From my review: “‘Get Out’ is suspenseful in ways we’ve seen countless times before, but Peele has such a talent for interweaving searing, smart satire wherever he can that there are several moments that invite both feelings of tension and laughter.”
Illuminated by a deeply embedded coda of violent and undeniable eroticism, this French gem about cannibalistic vices is as rebellious as much as it feels like essential coming-of-age viewing.
It’s horrifying, on the obvious levels, to watch veterinary school freshman Justine (an astounding Garance Marillier) tear into a severed human finger for the first time. But director-writer Julia Ducournau ensures there’s a tinge of uneasy familiarity to the whole affair as well – we’ve most likely tried new things that are just as batshit crazy in college, didn’t we?
6. “Blade Runner 2049”
It’s been decades since a major studio produced a piece of sci-fi so non-mainstream (in all the best ways) and it may be decades before it happens again, if the final box office numbers of “2049” tragically have anything to say about it.
Director Denis Villeneuve effortlessly kept his hot streak going with an engrossing, almost overwhelmingly realized noir-dystopia world that has as much to say about what it means to be human as it does about pushing the limits of film’s ability to hijack our senses and run wild with them.
From my review: “It’s an atmosphere that is downright intoxicating in its futuristic dreariness, and a world that – from a technical level – provided me with a more memorable sense of awe than James Cameron’s ‘Avatar’; an environment that, like K, is grasping onto a sense of what it means to be human, and grappling with how being human has changed over the previous 30 years.”
7. “Baby Driver”
Edgar Wright’s latest effort was destined to be a hit from the start.
An action musical with all the intensity and charm that one would expect that pairing of words to deliver, “Baby Driver” is both incredibly cathartic in its use of mostly-slightly-obscure rock jams and in its underlying love letter to that great pastime of simply turning on your car and hitting the road.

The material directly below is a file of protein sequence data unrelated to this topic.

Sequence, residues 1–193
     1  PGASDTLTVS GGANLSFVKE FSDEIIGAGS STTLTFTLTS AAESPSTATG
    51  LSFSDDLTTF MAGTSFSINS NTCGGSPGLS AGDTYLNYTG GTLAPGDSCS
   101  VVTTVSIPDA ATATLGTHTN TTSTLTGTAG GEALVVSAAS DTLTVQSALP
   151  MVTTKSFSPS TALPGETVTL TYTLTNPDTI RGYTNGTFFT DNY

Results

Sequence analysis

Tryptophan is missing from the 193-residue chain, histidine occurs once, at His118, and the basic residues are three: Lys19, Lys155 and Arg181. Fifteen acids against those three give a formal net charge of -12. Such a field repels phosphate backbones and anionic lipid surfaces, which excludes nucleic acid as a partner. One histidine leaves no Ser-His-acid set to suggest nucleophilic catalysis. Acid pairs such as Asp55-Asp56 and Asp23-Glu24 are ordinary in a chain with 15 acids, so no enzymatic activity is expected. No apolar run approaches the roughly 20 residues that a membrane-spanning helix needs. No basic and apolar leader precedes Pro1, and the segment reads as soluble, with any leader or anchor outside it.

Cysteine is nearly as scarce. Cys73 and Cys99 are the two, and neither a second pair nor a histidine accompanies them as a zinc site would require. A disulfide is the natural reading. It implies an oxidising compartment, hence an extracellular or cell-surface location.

8. “Jim & Andy: The Great Beyond”
Who says the Hollywood life is the easy life?
In Netflix’s unexpectedly revelatory documentary, Jim Carrey is starkly honest and uncomfortably intimate about his tendency to get lost in some of the cinema’s most iconic characters of the ’90s.
The ironic parallels between Carrey’s and Andy Kaufman’s so-freaking-out-there-we-just-laughed-it-off performative jaunts aren’t lost by one iota, and even less so is the disturbing truth about how far entertainers will go just to get a few laughs and smiles from you, me and the rest of an otherwise unassuming audience.
Frenetic and rarely ever pausing to take a breath (we can thank another iconic Hans Zimmer score for that), Christopher Nolan’s near-wordless WWII epic is a masterclass in assailing our senses senseless.
It’s more than just a technical work of artistry. “Dunkirk” has the balls – for better or for worse – to hone in on an aspect of war that often goes too understated in film. As one of the most powerful forces in existence, war doesn’t discriminate about who is in its way when ships drown and bombs scream through the sky, marking it as even more of a triumph when even a single teen soldier endures through the chaos.
From my review: “Dunkirk is perhaps a more realistic vision of the how the boys sent off to fight in WWII – many of them teenagers – were never truly equipped for what they’d experience. The concept of home itself means as much to them as air; survival itself is a victory. By telling the story in a way that is so matter-of-fact, Nolan has found a way to perhaps pays as much homage to the soldiers as a studio film made 80 years later possibly can.”
10. “The Shape of Water”
Guillermo del Toro’s most cinematic tale is also his most timely. Sally Hawkins gives one of the standout, can’t-take-your-eyes-off-her performances of the year as she signs, dances and (spoiler) sings through corners of del Toro’s mind that are more supremely human than anything he’s ever done before.
The more he twists the archetypes of the classical love story, the more he fine-tunes a contemporary definition of love for an increasingly tolerant world, and it’s a beautiful and completely satisfying romance to watch unfold.
From my review: “Like many of his films, it’s impossible to imagine “Shape of Water” being pulled off as well by any other director. It dips its webbed feet into about 10 different genres – most notably noir, suspense, romance and horror, to name a few – and manages to effortlessly glide through each of their waters.
Best of the rest: “The Killing of a Sacred Deer,” “Coco,” “The Disaster Artist,” “Darkest Hour,” “mother!,” “Three Billboards Outside Ebbing, Missouri,” “I, Tonya,” “Okja.”
Thanks for reading, and here’s to 2018 *champagne glasses clink emoji*